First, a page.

Ten common reasons why inventories fail at adjudication

inventory proceduresMany inventories fail to convince the adjudicators of the Tenancy Deposit protection Scheme because they fall far short of the evidential standards required. The fact that over 90% of cases are found in favour of the tenant indicates that if you fail to supply the tenant with a proper professional inventory you may as well not bother at all.

With over 23,500 deposit disputes last year, a figure that is set to increase as tenants become more aware of their rights, it has never been more important to have an independent, professional inventory. An inventory is a record not only of a property and its contents, but also crucially their condition at the start of the tenancy.

These are the most common reasons inventories fail, with tips on how you can ensure your inventories are up to scratch:

Reason 1: The landlord used an out-of-date inventory that didn’t reflect the condition of the property and its contents accurately.  Which is a common problem when agents or landlords try to cut costs by using an old version rather than pay for a new inventory, which is not recommended. Solution: Clearly a new inventory must be done at the start of each tenancy if it is to properly reflect the condition.  Some companies offer a “remake” but this is undermining the credibility and evidential strength of the inventory.

Reason 2: The inventory was dated significantly before the start of the tenancy, and therefore the property may have changed condition in the meantime. Solution: Ensure that the inventory is scheduled to be conducted as close as possible to the tenant move in date.

Reason 3: Photographs have not been signed and accepted by the tenant which means they could have been taken at any time. Solution: Ideally, tenants should sign each photograph or each page the photographs are on.  We ensure tenants sign to say they have received the written inventory and supporting video evidence, and they then have 7 days to raise any objections or it is deemed to be accepted.  Each of our recordings is time and date stamped and we keep backup copies.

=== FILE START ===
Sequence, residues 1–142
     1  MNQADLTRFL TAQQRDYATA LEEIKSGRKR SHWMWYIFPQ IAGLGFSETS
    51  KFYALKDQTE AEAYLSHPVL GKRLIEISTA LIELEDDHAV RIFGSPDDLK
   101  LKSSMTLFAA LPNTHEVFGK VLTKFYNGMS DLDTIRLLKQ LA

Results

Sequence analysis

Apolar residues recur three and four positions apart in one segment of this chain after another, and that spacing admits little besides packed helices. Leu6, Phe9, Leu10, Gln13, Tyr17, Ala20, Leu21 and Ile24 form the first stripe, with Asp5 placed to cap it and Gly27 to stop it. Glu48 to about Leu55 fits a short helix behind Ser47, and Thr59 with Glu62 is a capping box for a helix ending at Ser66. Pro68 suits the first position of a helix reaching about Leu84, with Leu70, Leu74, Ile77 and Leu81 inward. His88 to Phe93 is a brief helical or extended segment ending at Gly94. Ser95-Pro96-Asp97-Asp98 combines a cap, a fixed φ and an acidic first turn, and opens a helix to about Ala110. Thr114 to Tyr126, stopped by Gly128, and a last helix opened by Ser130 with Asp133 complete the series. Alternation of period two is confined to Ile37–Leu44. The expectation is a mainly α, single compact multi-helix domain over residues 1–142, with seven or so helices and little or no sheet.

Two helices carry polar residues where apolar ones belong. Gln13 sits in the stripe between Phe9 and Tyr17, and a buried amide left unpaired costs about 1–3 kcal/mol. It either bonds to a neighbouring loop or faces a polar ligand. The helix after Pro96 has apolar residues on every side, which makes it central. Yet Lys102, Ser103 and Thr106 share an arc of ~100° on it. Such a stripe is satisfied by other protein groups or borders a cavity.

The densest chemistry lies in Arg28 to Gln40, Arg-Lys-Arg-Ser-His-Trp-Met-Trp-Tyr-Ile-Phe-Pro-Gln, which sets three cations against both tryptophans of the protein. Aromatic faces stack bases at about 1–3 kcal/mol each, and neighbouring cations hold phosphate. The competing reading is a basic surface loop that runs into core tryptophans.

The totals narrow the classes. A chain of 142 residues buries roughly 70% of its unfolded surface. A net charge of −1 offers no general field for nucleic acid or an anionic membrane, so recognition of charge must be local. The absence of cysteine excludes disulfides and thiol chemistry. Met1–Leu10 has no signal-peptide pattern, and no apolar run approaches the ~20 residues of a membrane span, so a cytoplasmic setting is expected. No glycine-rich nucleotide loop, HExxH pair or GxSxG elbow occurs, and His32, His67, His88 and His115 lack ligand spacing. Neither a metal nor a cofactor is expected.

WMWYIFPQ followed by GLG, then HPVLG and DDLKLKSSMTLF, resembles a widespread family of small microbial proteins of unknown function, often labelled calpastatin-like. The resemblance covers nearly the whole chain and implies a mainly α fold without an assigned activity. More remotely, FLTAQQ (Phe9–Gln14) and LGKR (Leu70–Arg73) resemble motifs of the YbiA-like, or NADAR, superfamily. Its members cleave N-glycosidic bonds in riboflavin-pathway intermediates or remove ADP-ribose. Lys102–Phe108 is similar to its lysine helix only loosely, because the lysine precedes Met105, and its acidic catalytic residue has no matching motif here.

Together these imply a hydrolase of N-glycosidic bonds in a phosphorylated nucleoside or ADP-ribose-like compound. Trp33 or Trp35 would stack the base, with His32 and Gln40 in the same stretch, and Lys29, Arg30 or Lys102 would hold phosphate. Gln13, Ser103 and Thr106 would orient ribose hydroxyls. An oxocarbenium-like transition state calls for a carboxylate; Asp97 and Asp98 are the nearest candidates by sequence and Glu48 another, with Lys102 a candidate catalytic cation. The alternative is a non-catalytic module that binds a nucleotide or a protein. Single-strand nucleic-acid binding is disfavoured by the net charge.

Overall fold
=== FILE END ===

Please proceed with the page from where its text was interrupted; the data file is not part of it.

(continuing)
Reason 4: Items claimed for were not recorded on the original inventory. Solution: Ensure that properly trained clerks conduct the inventories and that they follow a systematic process so all items are covered.  Ideally, they should use a video camera as a half hour high definition video at 25 frames a second is the equivalent of 37,500 still images.

Reason 5: The inventory just lists items with no schedule of condition. Solution: It is absolutely essential that all inventories should clearly state the condition of each item.  We also use a simple numerical grading system.

Reason 6: The wording in the inventory was too vague, e.g. scuffs to the wall, with no supporting visual evidence or poor inaccurate descriptions. Solution: All inventory personnel should be trained to record concisely. If you use high definition video evidence, as we do, it will provide all the visual supporting evidence you need.

Reason 7: Some clerks, especially those who do not use photos or video, write very long detailed descriptions in their inventories with lots of small print.  These have been held to impose an unfair burden on the tenant. Solution: We suggest that the written documents are kept concise so that the tenant can easily read and understand it, and the supporting evidence is provided by video or at least a large number of good quality photographs.

Reason 8: Different systems are used for check-in and check-out making an accurate comparison difficult. Solution: It is important that the same methods of recording are used for the original inventory and the check-out.

Reason 9: No supporting evidence is provided, or supporting evidence doesn’t clearly show the condition of the item before and after the tenancy. Whilst having photographs is better than not having them, it is impossible to take photographs of everything that might be damaged during the tenancy. Solution: HD video provides the best evidence possible as it offers comprehensive coverage, shows the overall condition of the property and its contents in the context of their surroundings.

Reason 10: Condition reports that hinge on unusual or unintelligible abbreviations that will probably not be recognised by the tenant will be deemed to be unfair. Solution: Use a trained audio typist to provide inventory and schedule of condition reports in plain English and the correct spelling.

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